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Ask Barrister Your Own Question
Barrister
Barrister, Attorney
Category: Estate Law
Satisfied Customers: 33781
Experience:  15 yrs estate law, real estate. Wills/Trusts/Probate
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Can the accountant of an estate also be the beneficiary?

Customer Question

Can the accountant of an estate also be the beneficiary?
Submitted: 3 months ago.
Category: Estate Law
Expert:  Barrister replied 3 months ago.

Hello and welcome! My name is ***** ***** I am a licensed attorney who will try my very best to help with your situation or get you to someone who can. There may be a slight delay in my responses as I research statutes or ordinances and type out an answer or reply,but rest assured, I am working on your question.

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Are you talking about an "accountant" in terms of someone who handles the books and does someone's taxes?

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Or do you mean "executor" of the estate?

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Does a will make this person a beneficiary of some or all of the assets?

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Or if not, is the person a child or spouse of the deceased?

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thanks

Barrister

Customer: replied 3 months ago.
My mother's accountant (does all of her taxes and investments) is married to the woman that my mother has named as executor of her estate. The wife will receive one quarter of my mother's estate when she dies. I( her only daughter) just found out the terms of her will. It seemed like a situation for a conflict of interest. I know executors often benefit from the terms of the will , but this is an unusual situation and I just wanted a little feedback from a lawyer about this. Thank you!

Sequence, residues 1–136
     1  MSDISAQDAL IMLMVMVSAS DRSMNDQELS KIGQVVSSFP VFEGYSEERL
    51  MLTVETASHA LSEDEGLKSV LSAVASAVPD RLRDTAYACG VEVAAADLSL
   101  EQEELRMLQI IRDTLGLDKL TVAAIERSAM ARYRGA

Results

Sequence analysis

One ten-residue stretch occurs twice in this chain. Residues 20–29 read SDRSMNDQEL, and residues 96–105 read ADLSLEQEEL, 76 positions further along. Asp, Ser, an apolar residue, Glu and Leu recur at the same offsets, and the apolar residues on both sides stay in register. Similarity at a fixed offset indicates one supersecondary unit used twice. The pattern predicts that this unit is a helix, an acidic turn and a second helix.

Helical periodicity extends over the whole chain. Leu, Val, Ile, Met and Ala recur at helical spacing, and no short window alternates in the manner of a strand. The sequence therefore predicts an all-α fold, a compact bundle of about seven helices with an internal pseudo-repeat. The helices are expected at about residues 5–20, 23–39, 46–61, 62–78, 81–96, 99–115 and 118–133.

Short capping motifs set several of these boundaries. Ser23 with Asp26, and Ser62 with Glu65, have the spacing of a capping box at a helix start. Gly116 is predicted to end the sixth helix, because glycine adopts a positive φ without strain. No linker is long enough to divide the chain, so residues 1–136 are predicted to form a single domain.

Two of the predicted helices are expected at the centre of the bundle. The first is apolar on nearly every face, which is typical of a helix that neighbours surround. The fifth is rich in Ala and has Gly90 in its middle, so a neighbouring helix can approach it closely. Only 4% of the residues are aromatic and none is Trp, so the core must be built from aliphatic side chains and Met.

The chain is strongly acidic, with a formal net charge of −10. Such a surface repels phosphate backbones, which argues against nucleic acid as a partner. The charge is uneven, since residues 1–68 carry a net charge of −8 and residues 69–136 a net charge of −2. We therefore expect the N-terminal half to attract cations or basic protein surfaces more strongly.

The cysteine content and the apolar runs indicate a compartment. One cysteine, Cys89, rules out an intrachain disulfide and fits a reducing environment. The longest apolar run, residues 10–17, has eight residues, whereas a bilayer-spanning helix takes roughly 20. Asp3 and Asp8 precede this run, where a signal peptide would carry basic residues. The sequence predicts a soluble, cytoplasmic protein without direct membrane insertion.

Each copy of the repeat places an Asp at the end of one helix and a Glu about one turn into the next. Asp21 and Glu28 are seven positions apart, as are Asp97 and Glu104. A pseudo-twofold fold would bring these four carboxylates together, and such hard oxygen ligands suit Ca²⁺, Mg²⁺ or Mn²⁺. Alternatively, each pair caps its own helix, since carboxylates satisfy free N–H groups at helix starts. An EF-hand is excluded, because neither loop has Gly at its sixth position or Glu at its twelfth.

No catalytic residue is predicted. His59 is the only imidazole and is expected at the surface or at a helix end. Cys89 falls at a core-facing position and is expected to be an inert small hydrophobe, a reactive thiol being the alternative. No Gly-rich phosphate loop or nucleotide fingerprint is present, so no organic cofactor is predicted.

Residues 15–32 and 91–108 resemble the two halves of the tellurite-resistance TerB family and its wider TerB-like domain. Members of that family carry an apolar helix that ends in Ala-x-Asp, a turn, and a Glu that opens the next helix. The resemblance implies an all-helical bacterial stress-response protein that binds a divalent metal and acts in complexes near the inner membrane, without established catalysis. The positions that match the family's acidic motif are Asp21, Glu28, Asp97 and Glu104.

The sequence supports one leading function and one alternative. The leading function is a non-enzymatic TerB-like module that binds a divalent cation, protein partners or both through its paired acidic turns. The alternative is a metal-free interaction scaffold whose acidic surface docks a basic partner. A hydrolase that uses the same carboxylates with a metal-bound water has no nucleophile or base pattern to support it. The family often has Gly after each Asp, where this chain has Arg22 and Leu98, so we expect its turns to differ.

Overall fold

Expert:  Barrister replied 3 months ago.

Thank you for that information.. From a purely legal perspective, there is no conflict of interest and nothing improper about a testator making gifts to people, including executors, who they are close to and who have worked for them or their family in the past. Testators often give gifts to caregivers, accountants, attorneys, etc. in their wills as a way of saying "thank you" for their help and loyalty over the testator's life.

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I have personally been given gifts by clients from their estate after years of representing and looking out for their interests.

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The only way it is improper if if the beneficiary has exerted some type of coercion or undue influence on the testator to compel them to give the gift and it is not of the testator's own free will..

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So here, it is the wife of someone who has helped mother during her lifetime and I would opine that some sort of friendship has developed and mother wants to reward the wife for some reason..

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But from a legal perspective, I do not see anything that would appear improper, although that does seem to be a large bequest unless there is some type of personal friendship there..

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thanks

Barrister

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